JB: When we first formed the band, something that impressed itself was that a select few bands through history were creating a sonic identity, a visual identity, and an artistic identity that was in parcel with the music. From day one, we considered Baroness to be an art project. It’s a creative outlet for all the members, so it seemed logical that we develop more than just a musical identity for ourselves. Through that type of thinking, we have forged a sort of visual universe with its own visual language that I’ll exercise on our record covers. It’s based in the fantastic, so everything stands for something else; it’s highly symbolic. It’s the same way we write our music and lyrics. There’s no linear explanation, it’s all up to interpretation. Everything is very meaningful, composed and included for a reason.
AVC: How much does your career in doing artwork for other bands inspire your own musical career?
JB: It all comes from the same place. When I put a paintbrush on a canvas or have a pen in my hand—whether it’s music or lyrics—it all has a similar inspiration. It’s all the same thing; it doesn’t matter if it’s [for] this band or [for another] band. I’m able to express myself more freely and succinctly with Baroness because I know the music much better, but when I work for other bands, the direction is largely based on my ideas. I’m not one who takes direction very well.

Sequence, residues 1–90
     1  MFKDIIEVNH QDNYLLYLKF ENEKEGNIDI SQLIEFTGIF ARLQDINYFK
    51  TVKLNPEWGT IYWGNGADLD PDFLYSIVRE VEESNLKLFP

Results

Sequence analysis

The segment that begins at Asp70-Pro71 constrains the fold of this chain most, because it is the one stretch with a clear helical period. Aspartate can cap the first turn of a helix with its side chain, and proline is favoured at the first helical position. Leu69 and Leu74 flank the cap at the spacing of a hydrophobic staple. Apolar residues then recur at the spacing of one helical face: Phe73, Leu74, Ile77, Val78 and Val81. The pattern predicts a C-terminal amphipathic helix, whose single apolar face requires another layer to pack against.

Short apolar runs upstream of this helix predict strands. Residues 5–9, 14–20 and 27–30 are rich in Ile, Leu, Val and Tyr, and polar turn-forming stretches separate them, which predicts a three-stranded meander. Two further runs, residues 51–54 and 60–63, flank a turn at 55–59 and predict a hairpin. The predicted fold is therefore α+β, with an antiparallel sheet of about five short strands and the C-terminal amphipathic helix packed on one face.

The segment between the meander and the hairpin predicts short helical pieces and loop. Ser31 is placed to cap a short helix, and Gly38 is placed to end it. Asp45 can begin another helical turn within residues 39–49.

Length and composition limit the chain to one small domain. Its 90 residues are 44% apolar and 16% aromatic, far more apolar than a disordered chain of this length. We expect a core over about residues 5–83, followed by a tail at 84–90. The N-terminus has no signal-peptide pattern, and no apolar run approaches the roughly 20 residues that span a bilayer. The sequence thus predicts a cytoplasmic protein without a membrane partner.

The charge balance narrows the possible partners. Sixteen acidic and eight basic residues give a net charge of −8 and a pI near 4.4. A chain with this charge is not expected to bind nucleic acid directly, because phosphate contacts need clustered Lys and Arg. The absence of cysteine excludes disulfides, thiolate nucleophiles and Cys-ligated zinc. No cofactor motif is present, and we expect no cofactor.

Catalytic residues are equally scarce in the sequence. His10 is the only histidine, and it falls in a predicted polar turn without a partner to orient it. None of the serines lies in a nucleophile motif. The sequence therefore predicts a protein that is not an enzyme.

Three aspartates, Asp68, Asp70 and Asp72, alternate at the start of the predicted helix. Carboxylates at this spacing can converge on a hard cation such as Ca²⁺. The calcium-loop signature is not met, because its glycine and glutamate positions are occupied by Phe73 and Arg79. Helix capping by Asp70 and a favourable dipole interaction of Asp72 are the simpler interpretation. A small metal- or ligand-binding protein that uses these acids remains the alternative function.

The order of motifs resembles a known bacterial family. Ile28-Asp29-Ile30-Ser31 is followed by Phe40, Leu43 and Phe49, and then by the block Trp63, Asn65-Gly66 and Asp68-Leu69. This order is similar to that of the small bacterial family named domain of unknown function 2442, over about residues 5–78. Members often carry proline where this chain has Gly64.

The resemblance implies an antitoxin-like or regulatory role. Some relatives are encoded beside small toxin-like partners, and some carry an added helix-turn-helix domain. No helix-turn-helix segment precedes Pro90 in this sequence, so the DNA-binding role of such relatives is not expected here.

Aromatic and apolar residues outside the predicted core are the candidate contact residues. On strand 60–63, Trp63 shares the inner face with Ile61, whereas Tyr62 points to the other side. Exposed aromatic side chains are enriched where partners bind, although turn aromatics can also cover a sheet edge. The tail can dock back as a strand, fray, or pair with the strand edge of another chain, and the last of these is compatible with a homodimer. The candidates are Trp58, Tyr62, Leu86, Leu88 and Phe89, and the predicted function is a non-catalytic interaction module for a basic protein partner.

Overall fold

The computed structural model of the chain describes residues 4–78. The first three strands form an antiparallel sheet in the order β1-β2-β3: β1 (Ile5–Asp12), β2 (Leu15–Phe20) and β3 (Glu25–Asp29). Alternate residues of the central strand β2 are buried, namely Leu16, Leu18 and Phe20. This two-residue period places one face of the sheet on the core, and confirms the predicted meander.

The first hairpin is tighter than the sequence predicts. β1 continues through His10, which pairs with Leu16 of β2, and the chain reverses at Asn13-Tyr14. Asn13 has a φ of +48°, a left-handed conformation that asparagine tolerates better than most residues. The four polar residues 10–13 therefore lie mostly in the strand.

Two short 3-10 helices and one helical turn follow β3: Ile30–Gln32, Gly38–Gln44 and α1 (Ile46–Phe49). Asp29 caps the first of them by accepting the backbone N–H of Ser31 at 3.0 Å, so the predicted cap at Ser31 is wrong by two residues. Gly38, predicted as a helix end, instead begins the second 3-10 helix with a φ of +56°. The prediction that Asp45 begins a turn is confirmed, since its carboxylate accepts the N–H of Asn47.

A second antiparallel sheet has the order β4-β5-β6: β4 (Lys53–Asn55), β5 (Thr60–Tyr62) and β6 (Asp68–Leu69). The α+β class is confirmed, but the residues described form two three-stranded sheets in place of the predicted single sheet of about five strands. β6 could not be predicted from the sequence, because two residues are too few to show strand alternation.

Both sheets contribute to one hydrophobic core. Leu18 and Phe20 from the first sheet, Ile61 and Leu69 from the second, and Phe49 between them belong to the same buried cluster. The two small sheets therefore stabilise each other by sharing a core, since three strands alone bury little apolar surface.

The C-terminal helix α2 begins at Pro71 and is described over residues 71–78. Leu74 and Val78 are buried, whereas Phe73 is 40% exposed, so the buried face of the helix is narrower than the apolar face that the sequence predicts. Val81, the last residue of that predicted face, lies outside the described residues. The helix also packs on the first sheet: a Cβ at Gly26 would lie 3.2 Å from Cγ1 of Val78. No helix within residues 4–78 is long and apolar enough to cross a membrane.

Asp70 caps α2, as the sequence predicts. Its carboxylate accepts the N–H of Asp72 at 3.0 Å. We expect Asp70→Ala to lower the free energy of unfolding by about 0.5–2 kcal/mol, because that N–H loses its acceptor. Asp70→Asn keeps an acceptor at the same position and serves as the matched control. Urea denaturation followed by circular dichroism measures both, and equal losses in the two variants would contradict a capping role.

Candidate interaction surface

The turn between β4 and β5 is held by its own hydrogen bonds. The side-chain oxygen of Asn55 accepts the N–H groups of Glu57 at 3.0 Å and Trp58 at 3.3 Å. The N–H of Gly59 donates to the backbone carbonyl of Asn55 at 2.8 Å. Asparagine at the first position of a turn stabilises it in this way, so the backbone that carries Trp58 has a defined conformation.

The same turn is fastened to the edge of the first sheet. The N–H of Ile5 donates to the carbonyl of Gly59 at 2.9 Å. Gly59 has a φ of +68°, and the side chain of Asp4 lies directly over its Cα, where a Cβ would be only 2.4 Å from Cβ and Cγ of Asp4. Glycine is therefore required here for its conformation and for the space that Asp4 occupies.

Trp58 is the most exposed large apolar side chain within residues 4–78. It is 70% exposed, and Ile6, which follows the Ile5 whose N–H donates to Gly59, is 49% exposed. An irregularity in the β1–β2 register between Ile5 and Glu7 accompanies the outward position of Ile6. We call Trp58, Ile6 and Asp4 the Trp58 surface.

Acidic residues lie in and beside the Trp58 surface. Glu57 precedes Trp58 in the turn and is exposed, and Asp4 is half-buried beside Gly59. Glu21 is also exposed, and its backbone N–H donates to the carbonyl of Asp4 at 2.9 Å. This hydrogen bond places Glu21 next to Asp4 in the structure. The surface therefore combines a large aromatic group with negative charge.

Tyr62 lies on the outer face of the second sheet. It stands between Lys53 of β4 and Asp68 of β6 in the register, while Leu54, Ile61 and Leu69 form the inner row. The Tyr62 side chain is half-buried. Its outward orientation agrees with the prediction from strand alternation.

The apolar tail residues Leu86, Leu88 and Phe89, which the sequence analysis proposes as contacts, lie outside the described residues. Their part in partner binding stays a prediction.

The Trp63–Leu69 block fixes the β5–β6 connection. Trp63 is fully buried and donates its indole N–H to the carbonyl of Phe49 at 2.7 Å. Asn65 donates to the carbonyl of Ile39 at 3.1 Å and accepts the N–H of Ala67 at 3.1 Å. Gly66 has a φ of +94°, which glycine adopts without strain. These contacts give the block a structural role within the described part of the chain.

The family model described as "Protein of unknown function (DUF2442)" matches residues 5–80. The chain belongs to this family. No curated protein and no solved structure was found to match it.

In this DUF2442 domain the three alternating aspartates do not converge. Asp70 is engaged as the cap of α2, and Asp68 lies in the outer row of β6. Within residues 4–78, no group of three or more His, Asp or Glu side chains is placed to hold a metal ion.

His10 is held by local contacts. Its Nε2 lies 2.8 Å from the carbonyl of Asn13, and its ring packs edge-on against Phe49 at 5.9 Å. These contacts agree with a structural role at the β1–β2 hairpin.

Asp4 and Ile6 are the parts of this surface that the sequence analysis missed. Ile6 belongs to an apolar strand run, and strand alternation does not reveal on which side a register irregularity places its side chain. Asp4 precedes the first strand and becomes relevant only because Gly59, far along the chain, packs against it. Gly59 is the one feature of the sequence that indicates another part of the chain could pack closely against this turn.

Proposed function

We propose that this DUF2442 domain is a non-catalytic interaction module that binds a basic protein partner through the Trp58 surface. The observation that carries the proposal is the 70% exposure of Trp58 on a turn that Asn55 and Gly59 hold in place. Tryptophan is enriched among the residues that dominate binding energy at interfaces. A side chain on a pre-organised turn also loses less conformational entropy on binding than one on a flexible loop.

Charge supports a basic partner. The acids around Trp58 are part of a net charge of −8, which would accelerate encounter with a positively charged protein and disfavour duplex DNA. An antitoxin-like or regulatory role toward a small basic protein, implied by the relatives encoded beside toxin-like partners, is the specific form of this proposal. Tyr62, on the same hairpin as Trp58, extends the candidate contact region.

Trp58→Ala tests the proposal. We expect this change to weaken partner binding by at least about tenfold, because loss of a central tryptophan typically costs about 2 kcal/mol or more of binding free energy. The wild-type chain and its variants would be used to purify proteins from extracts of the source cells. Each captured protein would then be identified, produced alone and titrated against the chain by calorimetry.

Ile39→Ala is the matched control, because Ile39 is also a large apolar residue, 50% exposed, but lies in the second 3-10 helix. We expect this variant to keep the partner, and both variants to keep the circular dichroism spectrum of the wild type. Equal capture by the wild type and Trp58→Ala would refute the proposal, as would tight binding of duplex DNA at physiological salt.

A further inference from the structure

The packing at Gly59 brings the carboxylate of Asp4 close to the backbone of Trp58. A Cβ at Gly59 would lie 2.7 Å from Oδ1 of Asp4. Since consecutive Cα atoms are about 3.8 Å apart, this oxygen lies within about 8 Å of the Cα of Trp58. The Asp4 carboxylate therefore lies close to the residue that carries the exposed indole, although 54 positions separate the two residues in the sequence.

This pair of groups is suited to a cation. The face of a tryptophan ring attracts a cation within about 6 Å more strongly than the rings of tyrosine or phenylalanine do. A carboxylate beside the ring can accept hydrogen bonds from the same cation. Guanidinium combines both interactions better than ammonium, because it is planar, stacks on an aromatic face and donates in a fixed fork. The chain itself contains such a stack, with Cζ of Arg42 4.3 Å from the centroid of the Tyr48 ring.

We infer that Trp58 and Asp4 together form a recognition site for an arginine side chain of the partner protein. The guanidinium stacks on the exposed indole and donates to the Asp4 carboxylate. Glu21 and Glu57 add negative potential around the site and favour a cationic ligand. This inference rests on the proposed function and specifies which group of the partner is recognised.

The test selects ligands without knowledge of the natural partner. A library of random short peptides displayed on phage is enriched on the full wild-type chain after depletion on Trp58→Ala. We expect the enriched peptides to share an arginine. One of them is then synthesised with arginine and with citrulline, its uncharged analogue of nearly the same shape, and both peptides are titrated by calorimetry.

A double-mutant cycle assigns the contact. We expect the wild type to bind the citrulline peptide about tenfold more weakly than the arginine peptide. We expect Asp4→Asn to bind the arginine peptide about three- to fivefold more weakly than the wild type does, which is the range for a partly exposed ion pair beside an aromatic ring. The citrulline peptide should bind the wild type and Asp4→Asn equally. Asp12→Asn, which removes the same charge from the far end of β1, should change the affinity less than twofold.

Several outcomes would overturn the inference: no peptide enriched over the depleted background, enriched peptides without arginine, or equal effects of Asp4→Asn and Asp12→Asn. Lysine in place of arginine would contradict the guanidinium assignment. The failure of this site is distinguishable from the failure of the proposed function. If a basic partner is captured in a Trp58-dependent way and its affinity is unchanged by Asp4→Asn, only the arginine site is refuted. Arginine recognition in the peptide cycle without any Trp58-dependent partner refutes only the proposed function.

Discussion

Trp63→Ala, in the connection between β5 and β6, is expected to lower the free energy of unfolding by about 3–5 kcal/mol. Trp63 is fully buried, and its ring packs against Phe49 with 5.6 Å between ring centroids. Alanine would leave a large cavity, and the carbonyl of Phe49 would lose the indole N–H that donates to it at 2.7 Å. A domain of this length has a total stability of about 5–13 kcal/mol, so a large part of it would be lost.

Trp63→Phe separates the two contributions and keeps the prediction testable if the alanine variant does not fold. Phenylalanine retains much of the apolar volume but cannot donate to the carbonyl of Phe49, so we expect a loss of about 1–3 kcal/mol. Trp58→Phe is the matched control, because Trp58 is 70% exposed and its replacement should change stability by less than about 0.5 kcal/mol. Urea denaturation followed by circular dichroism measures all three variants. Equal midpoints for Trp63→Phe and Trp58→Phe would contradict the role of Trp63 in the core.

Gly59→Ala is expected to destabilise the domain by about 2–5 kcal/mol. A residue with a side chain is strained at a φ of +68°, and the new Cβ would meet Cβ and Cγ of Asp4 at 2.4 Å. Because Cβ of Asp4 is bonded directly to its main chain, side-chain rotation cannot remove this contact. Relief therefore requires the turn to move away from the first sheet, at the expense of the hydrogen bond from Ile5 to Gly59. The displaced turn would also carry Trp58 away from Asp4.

AVC: Do the other bands try to direct you, or do they know you from your reputation as an artist and just let you work it out on your own?
JB: I try not to let reputation dictate anything. I understand the level of complexity and depth that musicians feel for their music, so of course I always ask [what they want]. In a best-case scenario, the band and I agree on a direction and they trust where I take it. Musicians think it’s easy to give direction but I’m not always capable of working that way. I have my own way of doing things. [Laughs.]
AVC: You’ve gone through a couple of lead guitarists over the years. Do you think you’ve finally found a permanent one?
JB: Yeah, hopefully! [Laughs.] The thing you have to understand is everyone who has been in this band…we all grew up with each other. With Pete [Adams, current Baroness lead guitarist], he is basically one of the oldest friends I’ve had. When we started the band years ago, he and I mutually had the idea [for Baroness], but the way it panned out was that he had other obligations and couldn’t be in the band. He was this shoe we were filling with other people. I totally believe in him as the final 25 percent of the band, and I think it would be a shame if anything happens to this lineup.
AVC: So the band is kind of a “family affair?”
JB: Yeah, actually. The original lead guitarist was a great friend and the second was our drummer’s brother. Everybody lived within a mile or two of each other, we all went to the same schools and have a slight age difference. One of the strengths of our band is we can see through each other’s bullshit because we have been seeing it for years. It’s a level of closeness that works itself out in unique musical ways. It’s like twin brothers finishing each other’s sentences, which is unique and awesome.